Prof. dr. Barend Mons
Prof. Dr. Barend Mons (1957, The Netherlands) obtained his MSc. (1981, Cum Laude) and his PhD. (1986) at the University of Leiden, The Netherlands, majoring in Cell and Molecular Biology.
Since 2012 Barend is Professor in Bio-Semantics at Department of Human Genetics at the Leiden University Medical Centre, and he still hold an honorary appointment at the Department of Medical Informatics, Erasmus Medical Centre, University of Rotterdam, both in The Netherlands.
Since 2009, Barend is a Scientific Director of the Netherlands Bioinformatics Center (NBIC) and also Life Science Integrator in the Netherlands eScience Center. His present activities mainly focus on nanopublications and in silico Knowledge discovery, in close collaboration between Rotterdam, Leiden and NBIC, Knowlet™ technology (with the start up Euretos) combined with Open Access and Open Source Wiki-technology approaches. He is serving in the executive committee of the data interoperability project of IMI (Open PHACTS)
Former activities: During and after his PhD, Barend performed over a decade of fundamental research on the genetic differentiation of malaria parasites and he published over 45 peer reviewed scientific papers on that topic. Much of this research was conducted in close partnership with colleagues from malaria-endemic (developing) countries. For his pioneering research on the in vitro culture and differentiation of rodent and human malaria parasites he received the Eyckman medal from the Netherlands Society for Tropical Medicine.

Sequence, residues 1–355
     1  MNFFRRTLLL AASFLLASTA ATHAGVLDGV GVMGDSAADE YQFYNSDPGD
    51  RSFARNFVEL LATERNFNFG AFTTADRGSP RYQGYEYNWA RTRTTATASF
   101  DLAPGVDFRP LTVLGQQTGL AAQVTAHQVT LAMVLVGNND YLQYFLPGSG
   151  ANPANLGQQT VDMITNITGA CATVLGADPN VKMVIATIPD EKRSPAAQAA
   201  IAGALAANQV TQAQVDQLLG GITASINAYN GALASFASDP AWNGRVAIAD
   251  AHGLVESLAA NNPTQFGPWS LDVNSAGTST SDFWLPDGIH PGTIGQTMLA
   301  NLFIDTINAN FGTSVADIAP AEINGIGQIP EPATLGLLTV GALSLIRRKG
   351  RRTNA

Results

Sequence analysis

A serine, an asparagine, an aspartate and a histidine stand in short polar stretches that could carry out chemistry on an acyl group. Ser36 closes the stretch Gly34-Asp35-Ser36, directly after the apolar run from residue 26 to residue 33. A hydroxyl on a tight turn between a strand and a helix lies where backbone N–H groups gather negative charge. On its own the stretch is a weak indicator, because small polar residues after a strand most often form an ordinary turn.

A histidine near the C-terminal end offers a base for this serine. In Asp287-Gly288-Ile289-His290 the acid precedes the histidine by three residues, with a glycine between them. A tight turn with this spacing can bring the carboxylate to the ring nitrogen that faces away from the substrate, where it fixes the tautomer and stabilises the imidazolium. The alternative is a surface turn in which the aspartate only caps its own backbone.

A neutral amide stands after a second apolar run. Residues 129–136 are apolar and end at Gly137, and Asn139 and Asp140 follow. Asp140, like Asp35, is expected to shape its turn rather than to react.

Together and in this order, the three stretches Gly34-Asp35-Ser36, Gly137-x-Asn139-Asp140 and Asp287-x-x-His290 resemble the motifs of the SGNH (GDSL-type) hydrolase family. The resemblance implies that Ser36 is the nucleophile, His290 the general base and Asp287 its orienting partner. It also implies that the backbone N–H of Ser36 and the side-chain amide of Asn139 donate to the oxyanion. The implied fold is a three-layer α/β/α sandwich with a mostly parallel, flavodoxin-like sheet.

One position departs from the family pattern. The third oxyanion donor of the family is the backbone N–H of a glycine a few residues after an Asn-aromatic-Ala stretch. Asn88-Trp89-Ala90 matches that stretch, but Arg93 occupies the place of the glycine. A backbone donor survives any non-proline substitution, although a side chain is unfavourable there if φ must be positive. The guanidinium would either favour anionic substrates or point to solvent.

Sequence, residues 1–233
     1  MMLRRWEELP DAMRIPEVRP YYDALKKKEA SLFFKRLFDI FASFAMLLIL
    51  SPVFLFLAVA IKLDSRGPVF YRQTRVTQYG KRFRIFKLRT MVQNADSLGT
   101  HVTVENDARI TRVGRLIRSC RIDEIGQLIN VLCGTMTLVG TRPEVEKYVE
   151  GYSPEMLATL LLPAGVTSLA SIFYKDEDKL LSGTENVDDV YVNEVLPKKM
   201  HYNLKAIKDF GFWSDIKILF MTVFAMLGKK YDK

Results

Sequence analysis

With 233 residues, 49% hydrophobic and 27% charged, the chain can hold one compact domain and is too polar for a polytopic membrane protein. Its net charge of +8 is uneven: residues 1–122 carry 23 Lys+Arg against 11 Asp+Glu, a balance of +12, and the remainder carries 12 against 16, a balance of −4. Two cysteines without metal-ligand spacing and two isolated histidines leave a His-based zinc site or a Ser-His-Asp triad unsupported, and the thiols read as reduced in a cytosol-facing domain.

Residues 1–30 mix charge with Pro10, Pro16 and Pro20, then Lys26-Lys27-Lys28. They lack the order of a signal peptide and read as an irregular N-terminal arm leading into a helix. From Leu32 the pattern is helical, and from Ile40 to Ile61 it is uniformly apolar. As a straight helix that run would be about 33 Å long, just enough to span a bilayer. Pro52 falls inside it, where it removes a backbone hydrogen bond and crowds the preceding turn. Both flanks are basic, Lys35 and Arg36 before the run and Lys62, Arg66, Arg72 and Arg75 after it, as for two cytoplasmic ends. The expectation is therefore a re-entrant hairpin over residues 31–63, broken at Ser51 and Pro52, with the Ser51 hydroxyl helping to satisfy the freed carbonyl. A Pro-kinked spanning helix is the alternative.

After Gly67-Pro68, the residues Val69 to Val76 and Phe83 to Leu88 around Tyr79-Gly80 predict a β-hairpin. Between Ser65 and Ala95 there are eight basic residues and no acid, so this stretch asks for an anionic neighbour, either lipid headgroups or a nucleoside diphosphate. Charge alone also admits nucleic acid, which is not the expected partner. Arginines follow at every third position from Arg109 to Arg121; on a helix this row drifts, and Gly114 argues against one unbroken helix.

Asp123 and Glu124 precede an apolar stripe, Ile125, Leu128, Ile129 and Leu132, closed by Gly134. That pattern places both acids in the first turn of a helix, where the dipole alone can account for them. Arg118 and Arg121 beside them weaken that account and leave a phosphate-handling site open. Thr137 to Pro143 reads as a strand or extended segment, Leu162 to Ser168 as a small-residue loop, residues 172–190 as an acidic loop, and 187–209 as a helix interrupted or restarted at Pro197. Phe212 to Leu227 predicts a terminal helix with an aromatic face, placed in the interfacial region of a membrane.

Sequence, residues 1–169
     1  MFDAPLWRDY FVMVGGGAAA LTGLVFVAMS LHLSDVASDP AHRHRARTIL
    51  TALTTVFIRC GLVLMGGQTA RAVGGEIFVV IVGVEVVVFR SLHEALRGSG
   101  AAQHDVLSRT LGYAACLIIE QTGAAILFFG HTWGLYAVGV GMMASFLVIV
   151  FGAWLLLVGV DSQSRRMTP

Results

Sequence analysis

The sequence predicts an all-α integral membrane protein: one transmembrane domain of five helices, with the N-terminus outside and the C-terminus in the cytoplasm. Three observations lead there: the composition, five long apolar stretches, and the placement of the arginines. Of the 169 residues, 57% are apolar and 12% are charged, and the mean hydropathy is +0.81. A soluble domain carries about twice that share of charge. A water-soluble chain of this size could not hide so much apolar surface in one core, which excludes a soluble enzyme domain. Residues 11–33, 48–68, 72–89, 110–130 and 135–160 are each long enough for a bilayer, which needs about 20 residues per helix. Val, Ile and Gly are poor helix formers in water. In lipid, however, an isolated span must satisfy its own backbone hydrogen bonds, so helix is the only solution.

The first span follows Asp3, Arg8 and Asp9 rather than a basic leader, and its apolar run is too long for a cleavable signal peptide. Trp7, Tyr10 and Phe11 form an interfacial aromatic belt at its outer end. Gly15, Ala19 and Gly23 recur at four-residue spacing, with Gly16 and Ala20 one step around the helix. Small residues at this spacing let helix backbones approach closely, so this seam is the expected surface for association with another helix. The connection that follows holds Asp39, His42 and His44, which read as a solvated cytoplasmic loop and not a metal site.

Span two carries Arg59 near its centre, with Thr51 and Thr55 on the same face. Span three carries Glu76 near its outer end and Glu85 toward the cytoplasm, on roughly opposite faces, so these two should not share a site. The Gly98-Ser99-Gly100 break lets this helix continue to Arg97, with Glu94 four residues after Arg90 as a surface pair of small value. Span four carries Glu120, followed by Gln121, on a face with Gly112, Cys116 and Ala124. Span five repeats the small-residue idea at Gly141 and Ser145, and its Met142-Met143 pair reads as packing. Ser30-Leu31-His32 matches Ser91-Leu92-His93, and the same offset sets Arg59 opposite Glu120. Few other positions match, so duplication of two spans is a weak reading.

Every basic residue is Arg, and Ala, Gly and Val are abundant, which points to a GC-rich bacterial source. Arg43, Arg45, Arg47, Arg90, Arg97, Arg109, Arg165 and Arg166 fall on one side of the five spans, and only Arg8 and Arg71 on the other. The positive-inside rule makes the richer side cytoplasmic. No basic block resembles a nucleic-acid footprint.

During that period he was PI or co-proposer on a range of Dutch grants (NWO, DGIS) EC (INCO-DC) and international grants (WHO).
Barend has always been strongly entrepreneurial as a researcher. In his ‘First Leiden Period’ he developed culture systems for rodent malaria parasites and he was scientific co-founder of the company KREATECH-biotechnology.
In 1996 Barend was invited to assist the European Commissions as a Seconded National Expert with the task to develop and support international scientific networks, again, especially with developing countries as partners. During this ‘Science Management Period’ Barend became a driving force behind several other international initiatives, including the European Malaria Vaccine Initiative, the African Malaria Network Trust (AMANET) and the Multilateral Initiative on Malaria. In that period he also served as the Chairman of the Malaria Foundation. He became intrigued by the opportunities and challenges of international and multilingual networking in the context of the emerging Web technologies. He founded one of the first electronic interactive communication systems for science networking with developing countries, SHARED, for which he started to (co-)design thesaurus based concept extraction technologies in order to match across languages and jargon, with the Erasmus University of Rotterdam as the major partner. In 1999 he returned to the Netherlands and joined the Netherlands Organization for Scientific Research (The National research Council, NWO) as a senior adviser on International Health Research. He was one of the founders in 1999 of the company Collexis, commercializing the technology developed originally by Barend and his colleague Dr. Erik van Mulligen for SHARED. As an instrument to enrol the technology under affordable conditions in developing countries, he founded a not-for profit equivalent of Collexis, IntellectuAll.